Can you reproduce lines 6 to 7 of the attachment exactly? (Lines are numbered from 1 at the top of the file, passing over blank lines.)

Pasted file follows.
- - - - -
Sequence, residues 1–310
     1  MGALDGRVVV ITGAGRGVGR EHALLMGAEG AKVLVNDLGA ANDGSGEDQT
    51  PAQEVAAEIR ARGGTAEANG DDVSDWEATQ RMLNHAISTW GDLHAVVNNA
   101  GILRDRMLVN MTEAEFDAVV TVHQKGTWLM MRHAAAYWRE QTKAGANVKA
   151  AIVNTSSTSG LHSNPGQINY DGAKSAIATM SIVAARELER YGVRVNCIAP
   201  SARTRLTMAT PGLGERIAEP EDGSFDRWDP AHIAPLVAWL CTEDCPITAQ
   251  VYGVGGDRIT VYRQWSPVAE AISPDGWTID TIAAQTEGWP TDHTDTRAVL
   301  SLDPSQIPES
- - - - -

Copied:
   201  SARTRLTMAT PGLGERIAEP EDGSFDRWDP AHIAPLVAWL CTEDCPITAQ
   251  VYGVGGDRIT VYRQWSPVAE AISPDGWTID TIAAQTEGWP TDHTDTRAVL